Monday, 9 May 2011

Cameras hidden in amongst stones

A BBC news report states that Network Rail had spent £16.5m to replace stolen electrical cable and compensate train operators for lost service after thieves had removed the cable for the copper.  With scrapyards paying around £ 5000 a tonne, it seems like thieves had struck gold if you see what I mean.   It would take hundreds of metres of cable to make a tonne of copper so the rewards are not that easy to come by.   In order to catch the train track robbers in the act, network rail has installed motion activated cameras amongst the stones and sleepers.   As you can see in the previous post, we now supply smaller artificial rocks, all of which are hollow and can be used to hide a camera or monitoring equipment.   There is even a hollow breezeblock for larger cameras.   Ideal for monitoring building sites and building supply yards.

Tuesday, 3 May 2011

A Hollow Mockery

Artificial rocks part two. A new range has been added to the website: imitation rockery rocks. As the rocks are suitable for smaller rockeries and as the rocks are mock rocks, and as they are hollow, can a garden feature using these products be called a hollow mockery?

Lightweight artificial water-worn limestone rocks.

Fake limestone pavement.

Artificial limestone pavements.

Discussing the new rocks, my father reminded me that I had started making moulded garden products when I was twelve. In the cornucopia of tools and equipment that was my father’s garage, there was a box full of rubber and silicone moulds. Some of them were for garden gnomes and I set about making a few of them for him to sell to garden centres. I didn’t make many sets before some other project caught my attention and the moulds were literally shelved.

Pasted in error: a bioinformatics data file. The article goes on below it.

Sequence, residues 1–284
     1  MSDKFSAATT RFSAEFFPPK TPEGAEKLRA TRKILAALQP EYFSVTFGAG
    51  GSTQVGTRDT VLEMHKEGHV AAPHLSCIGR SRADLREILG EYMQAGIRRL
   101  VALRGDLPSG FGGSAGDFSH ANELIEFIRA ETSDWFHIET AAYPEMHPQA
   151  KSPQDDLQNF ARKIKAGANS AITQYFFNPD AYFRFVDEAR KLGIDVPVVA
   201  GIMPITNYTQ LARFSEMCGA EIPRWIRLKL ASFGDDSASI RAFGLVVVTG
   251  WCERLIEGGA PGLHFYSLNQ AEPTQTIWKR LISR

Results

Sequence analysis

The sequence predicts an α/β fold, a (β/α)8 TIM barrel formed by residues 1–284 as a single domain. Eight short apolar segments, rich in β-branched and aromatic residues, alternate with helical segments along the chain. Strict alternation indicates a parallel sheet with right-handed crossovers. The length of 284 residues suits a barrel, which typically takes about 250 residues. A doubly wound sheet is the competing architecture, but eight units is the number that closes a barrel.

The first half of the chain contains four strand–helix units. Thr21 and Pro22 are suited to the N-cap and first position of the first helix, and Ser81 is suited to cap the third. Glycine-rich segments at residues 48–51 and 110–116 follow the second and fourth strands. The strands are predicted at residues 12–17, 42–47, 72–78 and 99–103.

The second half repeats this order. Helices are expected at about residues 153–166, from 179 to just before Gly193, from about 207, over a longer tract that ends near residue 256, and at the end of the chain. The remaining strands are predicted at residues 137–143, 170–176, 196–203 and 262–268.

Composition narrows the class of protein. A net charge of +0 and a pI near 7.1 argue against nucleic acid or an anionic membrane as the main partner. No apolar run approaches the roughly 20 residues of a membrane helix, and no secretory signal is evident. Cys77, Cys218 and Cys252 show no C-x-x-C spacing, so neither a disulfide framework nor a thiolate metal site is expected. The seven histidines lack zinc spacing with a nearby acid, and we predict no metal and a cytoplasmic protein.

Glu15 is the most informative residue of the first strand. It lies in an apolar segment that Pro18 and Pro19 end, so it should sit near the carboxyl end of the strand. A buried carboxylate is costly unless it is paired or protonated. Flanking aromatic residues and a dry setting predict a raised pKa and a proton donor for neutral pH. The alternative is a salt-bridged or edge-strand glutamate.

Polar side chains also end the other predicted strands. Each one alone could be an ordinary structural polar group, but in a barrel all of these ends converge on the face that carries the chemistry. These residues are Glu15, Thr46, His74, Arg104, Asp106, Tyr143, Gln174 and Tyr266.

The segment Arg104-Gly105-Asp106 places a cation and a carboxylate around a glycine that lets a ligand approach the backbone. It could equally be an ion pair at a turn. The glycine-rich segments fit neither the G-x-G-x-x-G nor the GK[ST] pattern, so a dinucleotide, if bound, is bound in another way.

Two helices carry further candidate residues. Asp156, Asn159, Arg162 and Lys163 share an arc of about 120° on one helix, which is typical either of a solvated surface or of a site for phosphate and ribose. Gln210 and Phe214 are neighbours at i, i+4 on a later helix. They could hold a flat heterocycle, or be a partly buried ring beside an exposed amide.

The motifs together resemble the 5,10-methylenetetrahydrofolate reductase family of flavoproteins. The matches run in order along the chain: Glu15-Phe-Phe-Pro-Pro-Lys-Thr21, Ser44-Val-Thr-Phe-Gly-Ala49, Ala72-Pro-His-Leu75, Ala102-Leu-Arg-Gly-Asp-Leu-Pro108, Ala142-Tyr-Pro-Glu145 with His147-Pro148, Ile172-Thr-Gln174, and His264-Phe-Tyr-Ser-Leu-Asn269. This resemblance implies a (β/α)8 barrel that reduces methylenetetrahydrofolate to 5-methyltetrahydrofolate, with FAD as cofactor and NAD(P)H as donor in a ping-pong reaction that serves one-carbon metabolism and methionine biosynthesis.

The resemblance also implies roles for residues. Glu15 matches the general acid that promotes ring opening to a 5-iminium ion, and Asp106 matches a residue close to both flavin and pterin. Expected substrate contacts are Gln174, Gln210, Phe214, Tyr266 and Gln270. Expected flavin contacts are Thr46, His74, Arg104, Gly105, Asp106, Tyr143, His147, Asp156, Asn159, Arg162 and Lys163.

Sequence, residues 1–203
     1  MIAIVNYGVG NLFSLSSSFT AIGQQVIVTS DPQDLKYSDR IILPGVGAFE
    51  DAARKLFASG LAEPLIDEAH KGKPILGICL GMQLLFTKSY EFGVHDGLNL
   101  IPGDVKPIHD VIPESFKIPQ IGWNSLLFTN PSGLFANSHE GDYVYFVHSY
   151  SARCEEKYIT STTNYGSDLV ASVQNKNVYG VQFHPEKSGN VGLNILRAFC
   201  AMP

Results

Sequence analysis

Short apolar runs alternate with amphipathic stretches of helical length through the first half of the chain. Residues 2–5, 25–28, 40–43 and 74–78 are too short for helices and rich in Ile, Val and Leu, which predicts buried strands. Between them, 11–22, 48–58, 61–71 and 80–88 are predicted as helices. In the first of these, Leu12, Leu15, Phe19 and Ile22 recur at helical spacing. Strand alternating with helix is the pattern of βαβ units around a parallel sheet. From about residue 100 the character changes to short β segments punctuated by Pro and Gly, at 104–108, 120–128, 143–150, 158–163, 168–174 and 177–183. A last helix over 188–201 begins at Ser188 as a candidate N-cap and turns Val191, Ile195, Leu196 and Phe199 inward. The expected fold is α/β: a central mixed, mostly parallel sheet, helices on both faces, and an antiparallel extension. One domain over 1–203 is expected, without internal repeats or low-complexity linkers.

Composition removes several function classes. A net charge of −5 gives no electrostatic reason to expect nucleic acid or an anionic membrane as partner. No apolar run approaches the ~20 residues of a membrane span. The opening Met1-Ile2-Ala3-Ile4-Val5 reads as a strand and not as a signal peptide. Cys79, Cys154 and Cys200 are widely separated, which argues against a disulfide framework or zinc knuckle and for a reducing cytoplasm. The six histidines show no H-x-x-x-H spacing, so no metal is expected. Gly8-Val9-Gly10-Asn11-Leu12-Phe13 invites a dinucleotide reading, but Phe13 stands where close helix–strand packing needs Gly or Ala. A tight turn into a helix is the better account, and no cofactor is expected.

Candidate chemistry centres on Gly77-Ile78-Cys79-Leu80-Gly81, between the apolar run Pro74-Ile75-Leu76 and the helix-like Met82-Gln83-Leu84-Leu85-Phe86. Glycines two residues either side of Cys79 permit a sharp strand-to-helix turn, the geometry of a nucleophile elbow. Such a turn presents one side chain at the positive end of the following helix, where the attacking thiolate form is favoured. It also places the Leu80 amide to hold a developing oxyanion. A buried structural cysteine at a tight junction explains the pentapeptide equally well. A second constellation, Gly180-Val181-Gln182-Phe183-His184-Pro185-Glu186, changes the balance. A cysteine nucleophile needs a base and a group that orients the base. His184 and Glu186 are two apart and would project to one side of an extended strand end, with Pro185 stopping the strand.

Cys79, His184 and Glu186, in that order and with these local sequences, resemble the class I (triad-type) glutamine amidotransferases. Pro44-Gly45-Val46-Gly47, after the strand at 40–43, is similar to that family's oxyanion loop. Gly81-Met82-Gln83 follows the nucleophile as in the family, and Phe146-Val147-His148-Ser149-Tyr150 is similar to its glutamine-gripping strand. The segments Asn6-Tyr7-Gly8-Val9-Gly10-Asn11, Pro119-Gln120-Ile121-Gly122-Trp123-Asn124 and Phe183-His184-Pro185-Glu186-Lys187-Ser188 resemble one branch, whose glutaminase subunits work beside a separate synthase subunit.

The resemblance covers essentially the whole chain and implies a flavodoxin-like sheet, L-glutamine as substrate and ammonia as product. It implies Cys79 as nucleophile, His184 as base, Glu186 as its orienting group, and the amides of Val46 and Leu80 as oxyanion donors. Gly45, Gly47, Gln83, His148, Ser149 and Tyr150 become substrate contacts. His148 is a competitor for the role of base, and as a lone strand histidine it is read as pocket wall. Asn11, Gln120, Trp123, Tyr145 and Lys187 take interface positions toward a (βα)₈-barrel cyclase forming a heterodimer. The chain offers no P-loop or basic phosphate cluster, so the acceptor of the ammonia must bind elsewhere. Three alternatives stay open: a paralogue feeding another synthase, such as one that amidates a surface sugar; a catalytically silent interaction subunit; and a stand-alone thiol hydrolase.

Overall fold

My father also reminded me that he too had made casts using moulds when he was a teenager. He made plaster of Paris windmills, ducks and rabbits for prizes at fairs. There must have been a few left over casts in the box of moulds as I can still see one of the windmills in my mind’s eye with it’s blush of red and green paint. He is sure he still has a small mould somewhere: a rabbit that was for using up the last bit of the plaster of Paris batch. When he finds that mould, we’ll make a rabbit not seen for some sixty-odd years.

Some time ago a customer asked me for a specific type or rockery rock: Westmorland. This is a water worn limestone and is found in limestone pavements, a natural rock feature that resembles a man made paved area. The pavements were created when glaciers exposed horizontally bedded limestone and acid rain eroded the fissures in the slightly water soluble rock. This very attractively shaped rock was extensively used in rockeries and the rare plants that exist in this environment have been threatened by excessive extraction. See more on limestone pavements here:

Limestone pavement is now protected by law in the UK and it is an offence to damage or remove it from areas covered by Limestone Pavement Orders. This is where I come in. In the next few months I will be recreating Westmorland style rocks in various sizes. There are already some on the website. Here is one of my early attempts:

The manufacture of fake water-worn limestone will not only protect the limestone pavement environment but also protects the gardener from hernias as he or she tries to manoeuvre the rock in to place.